Celebrating 35th anniversary, El Taller Latino Americano facing a steep rent hike
But El Taller’s lease expires at the end of July 2014, and the building’s owner, Prana Investments, said they plan to raise rents by $10,000, which Palombo said they can’t afford.
“We’re not [just] a Latin place, the whole idea of us is to have an open space so the cultures meet and create and recreate,” said founder Bernardo Palombo. “We’re Latin – that’s American. Places like this are disappearing.”
An effort to convince Prana not to raise the rent, and to find revenue elsewhere, has been mounted by El Taller and the community. Palombo has enlisted the support of Upper West Side Council Member and Manhattan Borough President-elect Gale Brewer, as well as incoming Upper West Side Council Members Helen Rosenthal and Mark Levine.
“There aren’t many places like that on the West Side. I’ve been going in and out of that building as long as El Taller has been there,” said Brewer. “It’s a really special place, it’s almost like a landmark in terms of an institution, it’s so special, and it would be a crime to have it not able to remain in our community.”
Brewer’s office is calling and sending a letter to Prana imploring them to reconsider the new rate. “We’ll push the owner as hard as we can,” said Brewer. “They need a lease they can afford.”
Prana could not be reached for comment.
El Taller initiated a petition on Change.org that has 650 signatures as of this writing that they plan to send to Prana. “While legally, you have the right to set the terms of any lease agreement with a tenant, the proposed lease increase deprives the community of an organization that has been creating value through art, music and dialogue for over 35 years,” says the petition. “A place that, in the words of Council Member Melissa Mark-Viverito, ‘offers education, music, art and services that benefit more than 200,000 people each and every year.’”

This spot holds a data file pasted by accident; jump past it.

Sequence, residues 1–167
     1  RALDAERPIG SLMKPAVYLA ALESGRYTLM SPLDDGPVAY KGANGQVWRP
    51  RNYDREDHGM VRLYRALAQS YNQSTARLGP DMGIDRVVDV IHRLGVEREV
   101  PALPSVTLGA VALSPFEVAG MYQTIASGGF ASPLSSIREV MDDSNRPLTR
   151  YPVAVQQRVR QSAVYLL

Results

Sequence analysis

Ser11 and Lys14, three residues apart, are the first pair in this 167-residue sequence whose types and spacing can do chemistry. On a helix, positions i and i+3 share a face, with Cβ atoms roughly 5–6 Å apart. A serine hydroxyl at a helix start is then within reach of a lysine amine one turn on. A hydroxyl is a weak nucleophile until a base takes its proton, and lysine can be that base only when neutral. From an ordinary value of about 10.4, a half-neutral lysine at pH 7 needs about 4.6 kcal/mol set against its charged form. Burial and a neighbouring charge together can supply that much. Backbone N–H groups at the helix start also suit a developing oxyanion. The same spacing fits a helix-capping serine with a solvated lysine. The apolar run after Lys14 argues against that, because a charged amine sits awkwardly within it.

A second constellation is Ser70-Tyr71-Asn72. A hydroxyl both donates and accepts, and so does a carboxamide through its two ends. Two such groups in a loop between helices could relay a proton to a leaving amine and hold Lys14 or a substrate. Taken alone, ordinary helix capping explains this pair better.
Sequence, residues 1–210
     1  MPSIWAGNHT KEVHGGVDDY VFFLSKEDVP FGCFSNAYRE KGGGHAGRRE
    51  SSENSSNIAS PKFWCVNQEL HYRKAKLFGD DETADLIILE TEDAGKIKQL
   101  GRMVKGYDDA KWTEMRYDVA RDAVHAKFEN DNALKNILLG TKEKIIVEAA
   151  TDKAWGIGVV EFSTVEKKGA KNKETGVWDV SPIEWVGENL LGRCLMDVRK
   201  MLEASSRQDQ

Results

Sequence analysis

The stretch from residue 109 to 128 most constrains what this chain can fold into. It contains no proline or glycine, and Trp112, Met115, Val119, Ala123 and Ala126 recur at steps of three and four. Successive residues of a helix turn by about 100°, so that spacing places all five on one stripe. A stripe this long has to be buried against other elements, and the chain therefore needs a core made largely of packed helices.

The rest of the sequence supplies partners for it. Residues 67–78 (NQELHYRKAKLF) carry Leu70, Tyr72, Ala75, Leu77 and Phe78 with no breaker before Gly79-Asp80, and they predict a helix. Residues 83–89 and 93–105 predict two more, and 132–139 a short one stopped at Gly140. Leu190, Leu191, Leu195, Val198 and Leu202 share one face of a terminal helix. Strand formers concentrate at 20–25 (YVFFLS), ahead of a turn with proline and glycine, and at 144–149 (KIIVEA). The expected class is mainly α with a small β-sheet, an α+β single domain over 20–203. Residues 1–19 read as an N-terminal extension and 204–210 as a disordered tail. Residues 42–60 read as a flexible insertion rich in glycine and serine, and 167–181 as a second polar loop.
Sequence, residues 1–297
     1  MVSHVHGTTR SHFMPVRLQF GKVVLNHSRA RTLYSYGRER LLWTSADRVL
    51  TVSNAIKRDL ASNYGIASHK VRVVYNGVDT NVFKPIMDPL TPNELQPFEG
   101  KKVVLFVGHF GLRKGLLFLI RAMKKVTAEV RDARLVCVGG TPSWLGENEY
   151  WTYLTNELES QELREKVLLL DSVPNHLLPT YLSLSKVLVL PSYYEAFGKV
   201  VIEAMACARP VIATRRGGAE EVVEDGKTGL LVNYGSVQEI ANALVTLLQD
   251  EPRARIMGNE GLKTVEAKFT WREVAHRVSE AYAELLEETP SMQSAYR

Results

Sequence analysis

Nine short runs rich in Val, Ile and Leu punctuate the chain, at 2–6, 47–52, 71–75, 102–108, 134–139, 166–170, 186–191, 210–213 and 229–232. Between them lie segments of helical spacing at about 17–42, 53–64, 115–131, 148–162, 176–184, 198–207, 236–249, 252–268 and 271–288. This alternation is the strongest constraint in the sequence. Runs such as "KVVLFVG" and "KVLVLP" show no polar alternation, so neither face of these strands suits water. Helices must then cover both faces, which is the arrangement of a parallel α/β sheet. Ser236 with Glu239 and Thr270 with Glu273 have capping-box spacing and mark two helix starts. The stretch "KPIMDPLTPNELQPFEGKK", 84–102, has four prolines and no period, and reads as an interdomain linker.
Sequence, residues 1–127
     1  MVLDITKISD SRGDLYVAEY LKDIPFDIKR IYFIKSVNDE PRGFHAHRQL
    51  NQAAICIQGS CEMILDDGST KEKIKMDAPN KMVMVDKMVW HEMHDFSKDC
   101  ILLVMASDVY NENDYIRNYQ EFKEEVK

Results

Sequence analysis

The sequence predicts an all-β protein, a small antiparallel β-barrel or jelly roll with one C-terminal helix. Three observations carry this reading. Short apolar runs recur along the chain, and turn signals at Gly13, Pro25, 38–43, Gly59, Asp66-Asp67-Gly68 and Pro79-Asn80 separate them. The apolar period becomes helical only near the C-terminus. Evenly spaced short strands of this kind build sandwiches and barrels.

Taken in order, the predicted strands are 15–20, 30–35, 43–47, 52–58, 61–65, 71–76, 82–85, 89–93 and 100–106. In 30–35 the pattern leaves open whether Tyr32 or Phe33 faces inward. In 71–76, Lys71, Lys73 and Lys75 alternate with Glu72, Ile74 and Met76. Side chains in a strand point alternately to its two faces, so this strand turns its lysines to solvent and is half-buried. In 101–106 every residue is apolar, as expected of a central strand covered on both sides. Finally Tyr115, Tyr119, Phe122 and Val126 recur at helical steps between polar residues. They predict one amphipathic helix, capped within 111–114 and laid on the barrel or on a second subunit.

El Taller’s Program Director Anthony Cody said the the workshop functions as a window between cultures on the Upper West Side. “This is a place where people can come together and have dialogue, so that’s really the loss, that lack of connection where instead everyone is very provincial in their little circle of what they do with their daily routine,” said Cody. “Without [El Taller], that interaction isn’t happening.”
Cody said El Taller is considering opening in another location north of the Upper West Side if Prana doesn’t change its mind.
For the El Taller community, the rent hike is another consequence of gentrification in an area that’s certainly seen its share. In 2012, Brewer’s office passed legislation that made a “mom and pop zone” to help protect small, independent businesses on Columbus Avenue and Amsterdam Avenue.
“I wish I was able to do the same on Broadway but I wasn’t able to,” said Brewer. “El Taller should stay as is and the owner should work out a lease arrangement with them.”
Palombo sees El Taller’s struggle to maintain their space as the classic trope of a small village against the land-hungry cattle rancher, and sees the problem of gentrification as a characteristic of the city.
“Business used to be a humane activity,” said Palombo. “Right now, what’s happening to us is happening all over in Manhattan.”
Program director Anthony Cody said El Taller has actually followed the gentrification of Manhattan in a physical sense, from being located on the Lower East Side, then midtown and Chelsea, and is now facing the prospect of having to move out of their home of 19 years on the Upper West Side.
“This is the history of immigrants,” said Palombo. “The immigrants never have a place to stay. It’s crazy, the nature of this city and this country, this country of immigrants.”
Trackback from your site.